The late Homan Potterton's contribution to the world of art, not just in Ireland, but also from his early tenure as assistant keeper at the National Gallery, London is well documented. His rich cultural legacy will now live on as proceeds from the forthcoming live online auction – Homan Potterton: A Lifetime of Collecting – at Adam's of St Stephen's Green on Tuesday September 7th, will go towards Irish charities.
"It is something we discussed a great deal, and we were lucky to be in the position that charities should benefit from his estate," says his partner of 41 years, Alex Heusen.
The Irish Architectural Archives, the Royal Hibernian Academy and others will benefit from the sale thanks to the generosity of Potterton and Heusen, who kept their relationship discreet for decades "as Ireland was a completely different place back then" and married in 2014.
His appointment as director of the National Gallery of Ireland in late 1979, when he was just 33 and the youngest to ever achieve the status, was preceded by a degree in the history of art from Trinity College Dublin. His memoirs, recorded in the bestselling and highly-praised book Rathcormick, relate his confession to opening a letter from the headmaster of his boarding school in Dublin to Trinity College which read: "He has a colourless personality, and he is unlikely to contribute anything to the university."
After his death from cancer in December 2020, his legacy might disagree. He published 12 books on diverse subjects including Venetian 17th-century paintings and the big house novel Knockfane, and his disciplined ambition also saw him instrumental in persuading Sir Alfred and Lady Beit to donate their outstanding collection to the gallery in 1986. It was at the time unprecedented, and included a first-rate Vermeer along with superb works by Goya, Velázquez and Gainsborough.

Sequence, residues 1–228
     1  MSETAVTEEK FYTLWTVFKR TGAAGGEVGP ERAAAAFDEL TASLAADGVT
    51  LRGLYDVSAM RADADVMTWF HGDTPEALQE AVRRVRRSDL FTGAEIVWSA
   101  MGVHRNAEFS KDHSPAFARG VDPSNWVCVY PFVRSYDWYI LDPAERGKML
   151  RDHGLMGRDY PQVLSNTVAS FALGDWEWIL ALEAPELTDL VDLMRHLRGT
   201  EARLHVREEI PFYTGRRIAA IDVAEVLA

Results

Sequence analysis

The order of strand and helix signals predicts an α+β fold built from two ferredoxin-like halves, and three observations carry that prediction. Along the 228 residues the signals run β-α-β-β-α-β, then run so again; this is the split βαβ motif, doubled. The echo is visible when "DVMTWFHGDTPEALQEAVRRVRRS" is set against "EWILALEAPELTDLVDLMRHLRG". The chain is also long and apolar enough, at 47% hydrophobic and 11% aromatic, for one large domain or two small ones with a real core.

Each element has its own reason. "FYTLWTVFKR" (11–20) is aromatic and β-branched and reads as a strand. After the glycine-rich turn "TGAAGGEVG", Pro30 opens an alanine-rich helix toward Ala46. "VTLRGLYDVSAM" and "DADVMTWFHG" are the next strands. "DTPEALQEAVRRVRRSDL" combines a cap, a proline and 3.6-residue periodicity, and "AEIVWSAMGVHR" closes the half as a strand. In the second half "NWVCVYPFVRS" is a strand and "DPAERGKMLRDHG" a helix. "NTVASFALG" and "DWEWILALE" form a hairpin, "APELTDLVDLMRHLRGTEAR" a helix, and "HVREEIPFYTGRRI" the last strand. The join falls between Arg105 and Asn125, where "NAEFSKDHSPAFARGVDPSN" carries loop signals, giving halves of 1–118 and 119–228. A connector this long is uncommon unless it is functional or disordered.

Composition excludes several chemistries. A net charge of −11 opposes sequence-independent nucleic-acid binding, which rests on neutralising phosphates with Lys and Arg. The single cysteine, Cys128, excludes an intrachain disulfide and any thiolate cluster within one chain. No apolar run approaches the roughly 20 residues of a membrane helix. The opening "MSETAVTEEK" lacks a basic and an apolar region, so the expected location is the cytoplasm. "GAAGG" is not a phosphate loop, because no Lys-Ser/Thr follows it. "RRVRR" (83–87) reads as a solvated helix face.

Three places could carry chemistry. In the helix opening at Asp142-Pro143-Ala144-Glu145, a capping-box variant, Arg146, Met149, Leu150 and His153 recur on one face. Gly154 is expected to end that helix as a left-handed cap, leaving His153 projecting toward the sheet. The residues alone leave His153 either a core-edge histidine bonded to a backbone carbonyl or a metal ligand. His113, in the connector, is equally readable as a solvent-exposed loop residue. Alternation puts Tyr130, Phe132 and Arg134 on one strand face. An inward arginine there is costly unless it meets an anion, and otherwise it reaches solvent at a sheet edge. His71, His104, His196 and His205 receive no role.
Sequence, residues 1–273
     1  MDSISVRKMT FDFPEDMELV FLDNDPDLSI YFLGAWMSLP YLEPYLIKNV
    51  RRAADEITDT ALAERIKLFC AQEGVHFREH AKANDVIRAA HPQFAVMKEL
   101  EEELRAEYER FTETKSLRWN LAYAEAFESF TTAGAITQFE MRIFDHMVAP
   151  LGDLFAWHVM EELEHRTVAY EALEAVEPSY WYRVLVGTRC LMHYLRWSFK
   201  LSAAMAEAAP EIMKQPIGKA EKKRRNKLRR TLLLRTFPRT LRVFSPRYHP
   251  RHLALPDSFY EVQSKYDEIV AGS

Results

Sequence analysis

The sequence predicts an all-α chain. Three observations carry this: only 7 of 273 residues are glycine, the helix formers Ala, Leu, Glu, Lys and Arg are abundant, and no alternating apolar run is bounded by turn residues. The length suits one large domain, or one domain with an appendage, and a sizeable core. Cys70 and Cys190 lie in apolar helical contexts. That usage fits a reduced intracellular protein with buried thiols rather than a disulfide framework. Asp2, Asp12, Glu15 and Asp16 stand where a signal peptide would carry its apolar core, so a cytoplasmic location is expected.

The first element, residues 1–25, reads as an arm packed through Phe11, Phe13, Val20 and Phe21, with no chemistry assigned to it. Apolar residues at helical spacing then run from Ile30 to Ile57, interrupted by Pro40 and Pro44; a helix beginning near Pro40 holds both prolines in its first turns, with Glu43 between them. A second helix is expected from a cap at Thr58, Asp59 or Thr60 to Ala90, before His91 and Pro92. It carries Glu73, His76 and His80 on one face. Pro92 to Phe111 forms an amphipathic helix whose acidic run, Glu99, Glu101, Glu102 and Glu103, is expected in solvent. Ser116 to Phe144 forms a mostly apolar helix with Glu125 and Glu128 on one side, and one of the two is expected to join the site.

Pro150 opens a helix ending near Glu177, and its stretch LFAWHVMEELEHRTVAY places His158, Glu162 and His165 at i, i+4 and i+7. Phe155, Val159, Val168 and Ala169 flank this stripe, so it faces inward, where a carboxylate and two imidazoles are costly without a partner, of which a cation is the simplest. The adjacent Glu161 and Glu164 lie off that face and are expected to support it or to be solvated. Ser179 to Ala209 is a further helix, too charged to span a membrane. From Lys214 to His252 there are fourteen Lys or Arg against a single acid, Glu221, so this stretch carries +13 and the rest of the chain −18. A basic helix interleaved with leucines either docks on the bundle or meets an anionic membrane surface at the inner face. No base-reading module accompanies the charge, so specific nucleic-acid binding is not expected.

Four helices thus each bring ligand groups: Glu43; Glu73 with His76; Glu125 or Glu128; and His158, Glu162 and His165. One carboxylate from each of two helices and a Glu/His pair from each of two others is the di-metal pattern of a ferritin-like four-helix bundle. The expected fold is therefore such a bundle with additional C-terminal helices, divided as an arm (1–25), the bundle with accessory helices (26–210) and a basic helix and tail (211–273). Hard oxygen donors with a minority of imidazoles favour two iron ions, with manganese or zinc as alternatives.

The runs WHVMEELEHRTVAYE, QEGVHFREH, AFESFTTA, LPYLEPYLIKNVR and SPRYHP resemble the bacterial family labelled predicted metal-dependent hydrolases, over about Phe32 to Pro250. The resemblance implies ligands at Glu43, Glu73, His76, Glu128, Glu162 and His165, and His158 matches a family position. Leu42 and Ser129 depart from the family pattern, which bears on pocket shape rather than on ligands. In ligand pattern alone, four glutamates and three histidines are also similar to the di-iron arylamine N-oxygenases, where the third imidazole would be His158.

After eight years as director at the National Gallery he resigned and settled with Heusen in New York, where he edited the Irish Arts Review, while writing memoirs and for Apollo Magazine.
“He felt the gallery was a death trap, the electrics hadn’t been touched since they were installed. There were only seven or eight professional staff to run a major European gallery and the pressure he was under was immense. The decision to leave was a difficult one, but Homan felt he just could not take it any further,” recalls Heusen of the protracted recession of the 1980s.
Highlights of the sale of almost 250 lots include an important 18th-century Irish walnut table from circa 1740 (lot 135, €40,000-€60,000). The piece, listed at number 65 in the Knight of Glin and James Peill's Irish Furniture, occupied pride of place in his Dublin home just below the Leo Whelan portrait of socialite Guendolen Wilkinson (lot 104, €15,000-€25,000).
“He bought that painting from an English dealer in New York,” explains Heusen, “and was very excited about it. He knew Whelan’s work and spotted that the mirror in the painting was Irish, and of course he knew about the Titania’s Palace connection.”
Sir Nevile Wilkinson designed two spectacular dolls' houses after his daughter Guendolen's musings that she had seen fairies in the family garden in Mount Merrion. The most famous, Titania's Palace, was built by renowned Dublin cabinet-maker James Hicks, and during a bidding war at auction in 1978 was sold to Legoland in Denmark, where it remains on display at Europe's best preserved Renaissance water castle, Egeskov on the island of Funen.
Along with a remarkable collection of watercolours by artist and sculptor Lucius Gahagan are his collection of Old Master paintings, which were purchased from dealers and auction houses in New York and London. From the days of Potterton driving around in his Morris Minor as a carefree lad in his early 20s is the mammoth Lady with Table Laden with Fruit, from the 17th century (lot 74, €8,000-€10,000).
“His cousin called the other day and recalled when Homan bought this at Dartfield House [the now equine museum outside Galway]”.
While there was a Potterton family connection to the Hardys, who lived there, “the real story was how Homan had the painting [which measures almost two metres in length] strapped to the roof of the car when it flew off on what is now the M4, and it was just luck that it survived and nothing drove over it,” recalls Heusen.
Potterton’s magical sense of humour is captured in Thomas Ryan’s Humorous Sketches of Homan Potterton (lots 102 and 103 €800-€1,200) and also in a quip to his husband two weeks before he died. After learning of the death of a good friend, but knowing his own time was nigh, Potterton, with a wide grin, replied: “Well, I wish he could have waited, as we could have shared that cab together.”